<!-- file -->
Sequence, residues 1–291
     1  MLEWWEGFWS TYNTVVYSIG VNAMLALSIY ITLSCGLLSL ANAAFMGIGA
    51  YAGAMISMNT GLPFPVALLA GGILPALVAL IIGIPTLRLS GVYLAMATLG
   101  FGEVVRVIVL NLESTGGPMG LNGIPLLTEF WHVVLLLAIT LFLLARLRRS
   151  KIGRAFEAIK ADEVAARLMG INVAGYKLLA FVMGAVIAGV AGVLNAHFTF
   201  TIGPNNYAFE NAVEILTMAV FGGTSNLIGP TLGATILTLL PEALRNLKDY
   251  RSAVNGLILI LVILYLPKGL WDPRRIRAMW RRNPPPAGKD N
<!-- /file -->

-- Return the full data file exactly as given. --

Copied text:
Sequence, residues 1–291
     1  MLEWWEGFWS TYNTVVYSIG VNAMLALSIY ITLSCGLLSL ANAAFMGIGA
    51  YAGAMISMNT GLPFPVALLA GGILPALVAL IIGIPTLRLS GVYLAMATLG
   101  FGEVVRVIVL NLESTGGPMG LNGIPLLTEF WHVVLLLAIT LFLLARLRRS
   151  KIGRAFEAIK ADEVAARLMG INVAGYKLLA FVMGAVIAGV AGVLNAHFTF
   201  TIGPNNYAFE NAVEILTMAV FGGTSNLIGP TLGATILTLL PEALRNLKDY
   251  RSAVNGLILI LVILYLPKGL WDPRRIRAMW RRNPPPAGKD N